This has a deep, royal and earthy aroma enveloped in rich hazelnut liquor and fine smoky notes of the finest dark chocolate. Use this chocolate essential oil with confidence as a rich middle note in all 'love' blends. Sensual, heady, delicious and intriguing, Cacao is an excellent choice of ingredient for erotic formulations. Cacao is a 'potentiator', enhancing the character of the other essential oils with which it is blended.
Cacao absolute blends fabulously with essential oils of Vanilla, Peppermint, Rose, Cinnamon, Nutmeg, Sandalwood, Tuberose, Tangerine, Wild Orange, and Dark Patchouli.
Note that while Cacao absolute is perfect in creams and with other essential oils, it will sometimes separate from fixed oils.
This chocolate essential oil is non-toxic, non-irritating and non-sensitizing. Always test a small amount first for sensitivity or allergic reaction.
1. Rhind, Jennifer. Fragrance and Wellbeing: Plant Aromatics and Their Influence on the Psyche. Singing Dragon, 2014.
2. Taubert, Dirk. “Effect of Cocoa and Tea Intake on Blood Pressure: A Meta-Analysis.” Archives of Internal Medicine, vol. 167, no. 7, 9 Apr. 2007, p. 626-634., doi:10.1001/archinte.167.7.626.
3. Murphy, Karen J, et al. “Dietary Flavanols and Procyanidin Oligomers from Cocoa (Theobroma Cacao) Inhibit Platelet Function.” The American Journal of Clinical Nutrition, vol. 77, no. 6, 2003, pp. 1466–1473., doi:10.1093/ajcn/77.6.1466.
4. Kris-Etherton, Penny M., and Carl L. Keen. “Evidence That the Antioxidant Flavonoids in Tea and Cocoa Are Beneficial for Cardiovascular Health.” Current Opinion in Lipidology, vol. 13, no. 1, 2002, pp. 41–49., doi:10.1097/00041433-200202000-00007.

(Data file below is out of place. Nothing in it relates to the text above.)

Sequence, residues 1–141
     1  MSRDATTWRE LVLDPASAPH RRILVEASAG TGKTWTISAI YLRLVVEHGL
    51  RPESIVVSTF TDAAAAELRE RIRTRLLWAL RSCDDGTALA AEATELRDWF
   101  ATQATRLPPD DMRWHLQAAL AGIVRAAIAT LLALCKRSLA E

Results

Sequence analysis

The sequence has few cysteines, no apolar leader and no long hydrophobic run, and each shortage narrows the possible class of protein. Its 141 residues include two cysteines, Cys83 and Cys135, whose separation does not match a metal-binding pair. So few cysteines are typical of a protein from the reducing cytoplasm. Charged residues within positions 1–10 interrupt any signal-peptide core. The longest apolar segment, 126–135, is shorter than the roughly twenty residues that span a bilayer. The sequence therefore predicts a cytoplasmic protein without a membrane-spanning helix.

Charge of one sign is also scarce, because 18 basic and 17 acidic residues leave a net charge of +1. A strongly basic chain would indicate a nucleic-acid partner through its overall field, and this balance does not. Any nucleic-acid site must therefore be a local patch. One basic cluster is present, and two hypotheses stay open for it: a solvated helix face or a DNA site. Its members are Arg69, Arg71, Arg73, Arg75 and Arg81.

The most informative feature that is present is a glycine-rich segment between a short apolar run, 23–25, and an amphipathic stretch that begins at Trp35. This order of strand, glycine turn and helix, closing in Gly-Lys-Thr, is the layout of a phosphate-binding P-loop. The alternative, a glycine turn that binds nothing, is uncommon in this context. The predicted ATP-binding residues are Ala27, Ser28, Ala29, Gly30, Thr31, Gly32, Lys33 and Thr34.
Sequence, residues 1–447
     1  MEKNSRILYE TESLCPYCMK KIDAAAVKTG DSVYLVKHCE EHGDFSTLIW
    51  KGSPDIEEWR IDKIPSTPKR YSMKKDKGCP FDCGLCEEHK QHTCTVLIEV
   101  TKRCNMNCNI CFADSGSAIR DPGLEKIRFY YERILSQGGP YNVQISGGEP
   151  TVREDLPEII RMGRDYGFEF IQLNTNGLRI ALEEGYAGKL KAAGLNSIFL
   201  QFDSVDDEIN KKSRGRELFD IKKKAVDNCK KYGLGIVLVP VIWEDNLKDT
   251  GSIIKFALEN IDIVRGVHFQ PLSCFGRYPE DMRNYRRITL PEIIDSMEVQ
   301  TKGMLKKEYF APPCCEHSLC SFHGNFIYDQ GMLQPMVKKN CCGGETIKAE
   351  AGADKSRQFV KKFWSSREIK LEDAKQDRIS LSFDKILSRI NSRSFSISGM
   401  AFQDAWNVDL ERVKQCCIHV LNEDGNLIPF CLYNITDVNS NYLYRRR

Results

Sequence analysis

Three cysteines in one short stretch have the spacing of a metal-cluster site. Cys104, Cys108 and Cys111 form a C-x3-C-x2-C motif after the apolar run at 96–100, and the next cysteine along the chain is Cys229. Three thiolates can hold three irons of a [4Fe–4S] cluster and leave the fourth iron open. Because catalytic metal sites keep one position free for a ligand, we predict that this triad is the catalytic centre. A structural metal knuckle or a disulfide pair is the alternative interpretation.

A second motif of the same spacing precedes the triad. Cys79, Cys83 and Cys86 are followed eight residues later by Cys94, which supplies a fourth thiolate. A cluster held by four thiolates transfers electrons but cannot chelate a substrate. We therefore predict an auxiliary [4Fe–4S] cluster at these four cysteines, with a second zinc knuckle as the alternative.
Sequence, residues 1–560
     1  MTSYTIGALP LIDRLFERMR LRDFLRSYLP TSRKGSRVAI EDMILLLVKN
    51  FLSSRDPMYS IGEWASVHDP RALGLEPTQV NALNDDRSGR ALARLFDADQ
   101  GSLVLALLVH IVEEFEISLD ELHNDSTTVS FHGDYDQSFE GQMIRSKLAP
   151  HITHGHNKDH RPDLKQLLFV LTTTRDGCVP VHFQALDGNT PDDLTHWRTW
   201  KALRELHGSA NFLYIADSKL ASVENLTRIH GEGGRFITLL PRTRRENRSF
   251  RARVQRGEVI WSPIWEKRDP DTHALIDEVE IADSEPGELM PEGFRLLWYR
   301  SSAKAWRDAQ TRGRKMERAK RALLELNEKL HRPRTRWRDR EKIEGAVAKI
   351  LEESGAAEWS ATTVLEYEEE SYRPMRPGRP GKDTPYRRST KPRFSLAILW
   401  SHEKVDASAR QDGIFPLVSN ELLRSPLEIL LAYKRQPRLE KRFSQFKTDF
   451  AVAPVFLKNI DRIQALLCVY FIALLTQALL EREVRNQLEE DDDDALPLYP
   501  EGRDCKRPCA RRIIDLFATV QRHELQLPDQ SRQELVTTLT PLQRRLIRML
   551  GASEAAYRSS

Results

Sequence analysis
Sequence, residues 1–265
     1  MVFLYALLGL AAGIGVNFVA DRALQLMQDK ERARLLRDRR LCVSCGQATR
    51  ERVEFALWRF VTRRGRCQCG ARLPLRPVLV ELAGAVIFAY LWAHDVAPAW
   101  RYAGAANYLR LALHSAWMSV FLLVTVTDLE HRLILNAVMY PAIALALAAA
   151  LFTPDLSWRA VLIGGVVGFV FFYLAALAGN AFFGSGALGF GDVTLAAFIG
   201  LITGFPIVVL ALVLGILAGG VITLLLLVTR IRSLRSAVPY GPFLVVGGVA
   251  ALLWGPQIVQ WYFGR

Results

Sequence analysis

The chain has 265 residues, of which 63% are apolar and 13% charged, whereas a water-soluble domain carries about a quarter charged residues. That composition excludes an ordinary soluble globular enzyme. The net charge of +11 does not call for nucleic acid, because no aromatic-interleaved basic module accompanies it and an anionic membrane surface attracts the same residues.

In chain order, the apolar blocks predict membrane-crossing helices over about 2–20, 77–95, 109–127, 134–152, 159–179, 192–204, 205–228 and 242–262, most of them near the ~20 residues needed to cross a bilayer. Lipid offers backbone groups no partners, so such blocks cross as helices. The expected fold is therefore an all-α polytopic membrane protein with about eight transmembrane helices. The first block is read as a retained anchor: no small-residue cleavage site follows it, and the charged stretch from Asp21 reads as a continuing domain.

5. Emma Ramiro, et al. “Flavonoids from Theobroma Cacao Down-Regulate Inflammatory Mediators.” Journal of Agricultural and Food Chemistry, vol. 53, no. 22, 2005, pp. 8506–8511.
6. Ramiro, Emma, et al. “Effect of Theobroma Cacao Flavonoids on Immune Activation of a Lymphoid Cell Line.” British Journal of Nutrition, vol. 93, no. 06, 2005, p. 859., doi:10.1079/bjn20051443.
7. Tai, Akihiro, et al. “Evaluation of Antioxidant Activity of Vanillin by Using Multiple Antioxidant Assays.” Biochimica Et Biophysica Acta (BBA) - General Subjects, vol. 1810, no. 2, 2011, pp. 170–177., doi:10.1016/j.bbagen.2010.11.004.
8. Ho, Ketli, et al. “Apoptosis and Cell Cycle Arrest of Human Colorectal Cancer Cell Line HT-29 Induced by Vanillin.” Cancer Epidemiology, vol. 33, no. 2, 2009, pp. 155–160., doi:10.1016/j.canep.2009.06.003.
9. Lirdprapamongkol, Kriengsak, et al. “Vanillin Suppresses in Vitro Invasion and in Vivo Metastasis of Mouse Breast Cancer Cells.” European Journal of Pharmaceutical Sciences, vol. 25, no. 1, 2005, pp. 57–65., doi:10.1016/j.ejps.2005.01.015.